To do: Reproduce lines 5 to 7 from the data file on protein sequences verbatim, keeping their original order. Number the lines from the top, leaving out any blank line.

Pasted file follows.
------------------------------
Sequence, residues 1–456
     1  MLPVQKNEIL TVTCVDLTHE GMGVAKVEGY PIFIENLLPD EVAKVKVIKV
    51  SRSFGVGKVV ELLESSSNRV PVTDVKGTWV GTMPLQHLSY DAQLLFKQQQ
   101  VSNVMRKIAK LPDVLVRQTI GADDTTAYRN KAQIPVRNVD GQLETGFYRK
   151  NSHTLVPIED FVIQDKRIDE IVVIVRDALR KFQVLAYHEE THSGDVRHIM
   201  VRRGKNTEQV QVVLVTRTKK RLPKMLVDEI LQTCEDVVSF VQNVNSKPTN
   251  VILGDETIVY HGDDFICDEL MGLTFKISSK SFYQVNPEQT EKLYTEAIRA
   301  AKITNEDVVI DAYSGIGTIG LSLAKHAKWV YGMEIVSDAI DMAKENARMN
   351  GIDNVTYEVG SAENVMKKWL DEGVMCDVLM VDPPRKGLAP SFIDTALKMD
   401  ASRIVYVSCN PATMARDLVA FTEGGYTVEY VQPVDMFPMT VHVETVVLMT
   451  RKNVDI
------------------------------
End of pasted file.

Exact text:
   151  NSHTLVPIED FVIQDKRIDE IVVIVRDALR KFQVLAYHEE THSGDVRHIM
   201  VRRGKNTEQV QVVLVTRTKK RLPKMLVDEI LQTCEDVVSF VQNVNSKPTN
   251  VILGDETIVY HGDDFICDEL MGLTFKISSK SFYQVNPEQT EKLYTEAIRA